The Scary and the Innocent in Madoka Magica

If you were to ask me:

“have you ever seen or read a magical girl anime/manga?”;

I’d probably reply:

“wtf no gtfo with that girly sh*t”….. 


No actually its more like “I tend to avoid shojo, mainly because of its target demographic. I haven’t watched much magical girl either, and I assume it’s also meant for young girls to watch”.


Do I even know any magical girl animanga?


Um… S-s-ss-Salor Moon? Does that count? Do I pass? Even though I’ve never seen it? … What about Date a Live? Is that one? *sigh*. Ok so I’ve never really given the genre a chance. 


If you were to show me the cover of Madoka Magica, I’d honestly think it’s another kids show. The characters look cute, probably loli-children I assume? 




That’s not the reason I started watching it. No. What caught my eye was not only Netflix’s cryptic rating “fear, language” but also the stream of overwhelmingly positive reviews on MAL, with user ratings averaging over 8 stars! Soo something had to make it stand out above the rest. 

Of course, we shouldn’t rely on reviews to determine what to watch or read, as there’s some really undervalued anime out there. But after asking for some horror recommendations, I was surprised when Madoka Magica showed up multiple times. It looks so innocent on the surface, but in fact it has a pretty dark, somewhat terrifying narrative. 


My thoughts race thinking about this one, only because there’s a lot of neat sh*t in this one. So I’ll briefly describe a few episodes/scenes:

As I watched the first half of the first episode, it seemed typical, nothing too interesting; anxious girl Madoka goes to school with her ditzy friends and meets a new and mysterious classmate that warns her not to get involved with the.. Albino rabbit creature eagerly handing out magic to random girls worthy enough.

With that last part, the second half gets interesting… like, really interesting and fresh. The girl and her friend find themselves in a labyrinth (literally) of what I can only describe as magazine cutouts mixed with children’s drawings, but the esthetics aren’t in any way friendly. No. These lil cotton balls with smiley faces are looking to straight up murder our heroines. Of course luck is on their side and they’re rescued, and Madoka is introduced to the world of magical girls! 

The second episode is much of the same. Madoka and her friend Sayaka follow magical girl Mami to get a taste of the action before deciding to commit to it. They’re granted any wish (can you imagine?) but in return they must fight scary motherf*cking witches for the rest of their lives, soaking up magic in their egg-shaped soul-canisters, otherwise they’re souls will be tainted. Ya know, totally worth it for a wish.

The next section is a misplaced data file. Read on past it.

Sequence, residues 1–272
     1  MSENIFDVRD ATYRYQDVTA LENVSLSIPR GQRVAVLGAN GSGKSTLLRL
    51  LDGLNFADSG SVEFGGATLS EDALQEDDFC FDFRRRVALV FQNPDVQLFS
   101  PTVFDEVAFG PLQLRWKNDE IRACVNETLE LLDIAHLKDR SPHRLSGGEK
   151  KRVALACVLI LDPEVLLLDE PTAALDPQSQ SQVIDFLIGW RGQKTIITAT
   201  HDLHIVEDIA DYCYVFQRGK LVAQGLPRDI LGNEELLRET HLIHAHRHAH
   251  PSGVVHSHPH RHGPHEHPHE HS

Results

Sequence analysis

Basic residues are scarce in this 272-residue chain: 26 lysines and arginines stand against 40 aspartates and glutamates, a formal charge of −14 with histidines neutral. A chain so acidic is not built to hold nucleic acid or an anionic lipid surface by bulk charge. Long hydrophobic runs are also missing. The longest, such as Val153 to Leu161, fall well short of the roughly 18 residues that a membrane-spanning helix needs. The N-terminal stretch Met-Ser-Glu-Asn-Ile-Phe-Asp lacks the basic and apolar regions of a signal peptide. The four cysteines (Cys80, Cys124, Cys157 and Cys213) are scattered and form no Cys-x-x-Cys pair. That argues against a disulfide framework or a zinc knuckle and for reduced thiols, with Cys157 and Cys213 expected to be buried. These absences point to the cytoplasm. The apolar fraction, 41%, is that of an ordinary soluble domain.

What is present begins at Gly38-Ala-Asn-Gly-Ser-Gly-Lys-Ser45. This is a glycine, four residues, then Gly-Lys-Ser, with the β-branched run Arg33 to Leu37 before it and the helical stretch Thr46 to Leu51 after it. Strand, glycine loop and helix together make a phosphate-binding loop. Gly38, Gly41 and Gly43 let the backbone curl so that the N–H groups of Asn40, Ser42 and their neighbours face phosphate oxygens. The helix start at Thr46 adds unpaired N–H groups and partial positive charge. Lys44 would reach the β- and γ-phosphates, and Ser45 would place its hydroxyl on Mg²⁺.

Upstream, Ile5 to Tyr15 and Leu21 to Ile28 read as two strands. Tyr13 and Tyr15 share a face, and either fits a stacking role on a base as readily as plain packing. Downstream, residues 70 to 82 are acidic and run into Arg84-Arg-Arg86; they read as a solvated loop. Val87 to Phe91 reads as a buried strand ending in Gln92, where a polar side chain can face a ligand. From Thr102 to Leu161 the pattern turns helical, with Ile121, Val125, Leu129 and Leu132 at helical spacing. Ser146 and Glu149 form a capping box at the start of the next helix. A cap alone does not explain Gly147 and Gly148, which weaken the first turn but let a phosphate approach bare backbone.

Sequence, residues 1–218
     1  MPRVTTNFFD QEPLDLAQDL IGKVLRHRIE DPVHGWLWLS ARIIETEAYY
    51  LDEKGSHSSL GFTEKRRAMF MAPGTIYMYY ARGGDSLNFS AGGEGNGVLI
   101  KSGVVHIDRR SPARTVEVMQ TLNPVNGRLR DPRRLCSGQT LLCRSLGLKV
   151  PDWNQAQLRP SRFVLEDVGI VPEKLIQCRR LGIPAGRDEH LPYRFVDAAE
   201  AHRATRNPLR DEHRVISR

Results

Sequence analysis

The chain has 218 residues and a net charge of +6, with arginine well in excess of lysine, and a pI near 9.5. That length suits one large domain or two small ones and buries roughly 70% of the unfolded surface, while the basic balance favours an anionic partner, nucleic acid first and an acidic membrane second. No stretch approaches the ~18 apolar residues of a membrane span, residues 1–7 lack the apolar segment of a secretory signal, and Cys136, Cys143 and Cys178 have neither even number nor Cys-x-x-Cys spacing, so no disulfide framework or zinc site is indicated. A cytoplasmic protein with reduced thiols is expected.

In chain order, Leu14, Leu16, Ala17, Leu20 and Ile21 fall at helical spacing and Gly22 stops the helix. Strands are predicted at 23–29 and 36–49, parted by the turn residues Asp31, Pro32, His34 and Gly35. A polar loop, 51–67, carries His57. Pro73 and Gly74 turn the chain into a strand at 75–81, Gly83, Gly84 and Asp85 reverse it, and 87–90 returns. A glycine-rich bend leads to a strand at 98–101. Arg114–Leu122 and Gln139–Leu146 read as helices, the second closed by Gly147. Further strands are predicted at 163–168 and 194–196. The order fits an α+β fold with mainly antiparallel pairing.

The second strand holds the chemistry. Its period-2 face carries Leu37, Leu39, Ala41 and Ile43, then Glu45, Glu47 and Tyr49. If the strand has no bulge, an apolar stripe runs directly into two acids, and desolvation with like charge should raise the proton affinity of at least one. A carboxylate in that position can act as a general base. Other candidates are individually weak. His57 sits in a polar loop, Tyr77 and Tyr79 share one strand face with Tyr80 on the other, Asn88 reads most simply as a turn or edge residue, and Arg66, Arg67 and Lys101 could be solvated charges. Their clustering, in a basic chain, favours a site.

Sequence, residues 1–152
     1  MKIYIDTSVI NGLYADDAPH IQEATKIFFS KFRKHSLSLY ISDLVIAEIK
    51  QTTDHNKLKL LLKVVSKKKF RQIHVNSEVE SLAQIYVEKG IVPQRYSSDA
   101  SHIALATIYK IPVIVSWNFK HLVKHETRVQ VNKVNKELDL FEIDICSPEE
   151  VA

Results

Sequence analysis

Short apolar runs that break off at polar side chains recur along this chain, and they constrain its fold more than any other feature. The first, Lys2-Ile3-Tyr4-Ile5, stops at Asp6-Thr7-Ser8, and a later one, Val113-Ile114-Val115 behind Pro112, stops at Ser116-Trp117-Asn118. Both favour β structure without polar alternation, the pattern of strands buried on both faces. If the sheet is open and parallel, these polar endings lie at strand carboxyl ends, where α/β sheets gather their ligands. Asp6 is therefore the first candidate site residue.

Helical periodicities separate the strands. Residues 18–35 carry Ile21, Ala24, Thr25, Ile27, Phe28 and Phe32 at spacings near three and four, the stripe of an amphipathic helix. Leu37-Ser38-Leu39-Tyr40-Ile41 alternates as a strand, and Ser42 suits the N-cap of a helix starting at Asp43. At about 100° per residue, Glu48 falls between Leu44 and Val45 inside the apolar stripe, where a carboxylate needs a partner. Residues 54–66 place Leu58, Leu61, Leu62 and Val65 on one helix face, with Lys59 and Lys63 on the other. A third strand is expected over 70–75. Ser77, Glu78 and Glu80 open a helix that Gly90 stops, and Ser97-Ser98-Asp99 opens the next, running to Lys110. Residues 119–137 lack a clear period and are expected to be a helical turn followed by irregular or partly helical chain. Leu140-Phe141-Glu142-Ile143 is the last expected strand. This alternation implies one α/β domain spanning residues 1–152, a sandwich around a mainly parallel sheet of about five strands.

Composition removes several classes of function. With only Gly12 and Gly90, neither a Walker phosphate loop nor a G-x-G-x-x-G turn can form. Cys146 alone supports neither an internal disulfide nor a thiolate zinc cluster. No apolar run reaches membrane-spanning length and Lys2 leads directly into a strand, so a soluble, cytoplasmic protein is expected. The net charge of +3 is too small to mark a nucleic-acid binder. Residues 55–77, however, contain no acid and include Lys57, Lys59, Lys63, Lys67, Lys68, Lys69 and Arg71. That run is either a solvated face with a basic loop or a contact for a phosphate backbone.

This is a big decision to make, and our heroine Madoka takes her sweet time deciding (while mostly crying; she cries like… a lot) whether or not to become one. If Madoka isn’t crying, she lives day to day with a resting-anxious face. 

t doesn’t help that magical girl Homura keeps mysteriously showing up to stop the pokemon knockoff Kyuubey from making a contract with Madoka. After all, he claims she would be the most powerful magical girl ever.


Back to the topic at hand! 


But then the third episode happens. 


And oh boy it happens. 


It hits you like a bullet train and leaves you feeling alone & scared, wondering what in the actual f*ck you just watched. So this is what the anime is about, or rather, how far it’s willing to take the audience. 


Look at this creepy motherf*cker…

It’s the stuff of nightmares.


If you know, you know. 


But that’s hardly the only sketchy looking monster the anime offers. 

I thought this was a kids show. It’s not. It’s far from it. It’s dark, depressing, dreadful, cute, and I love it. 


Madoka Magica came to life by studio Shaft, the brilliant minds that brought us the Monogatari series, so of course it has to be good. I recognized similar facial animations (the iconic Hitagi head-twist) and the pleasant esthetics, especially in the labyrinth parts of the anime. I also recognized Hitagi’s voice actress, Saitou, in Homura, as well as Mayoi’s voice actress, Katou, in Kyuubey.

It’s an awesome feeling being able to recognize voices in anime. It’s an even better feeling being able to hear the Japanese words and understand what they mean in English. Gosh I wish I knew Japanese. 

Anyway, caution is thrown out the window for these girls, as they make wishes that sure seemed like a good idea at the time, but aren’t. They say not to wish something for someone else, but I probably would’ve done the same thing, honestly. 

Like… world peace, or reverse climate change? Yeah right, I wish. 


I dunno, but that’s the type of wish most of these girls end up wishing, and regretting it later. 


Like *SPOILER ALERT*…………… Sadoka wishing her musician crush had a hand… that worked, and the ability to walk again. But then bestie miss Steal-Your-Man comes around wanting a piece of that newly born man and… well, she asks Sadoka permission to claim him (ya know, like an object to behold) and Sadoka gets so upset! She literally asked your permission… 


Then the anime decides to show you Homura’s back story. 


And oh my God her character development.

She goes from this innocent 4-eyes girl with pigtails to this broken… zero-f*cks given badass time-lord who’s lived through hell countless times, seeing her comrade magical girls die over and over and over again, failing each time, each time becoming less human herself *END OF SPOILER*

Best scene below by the way:

Yea the anime has a lil bit of drama in it, but not so much that it becomes boring. I thoroughly enjoyed Madoka Magica and I think everyone who likes dark or spooky things should check it out! 


By: The Shy Otaku 

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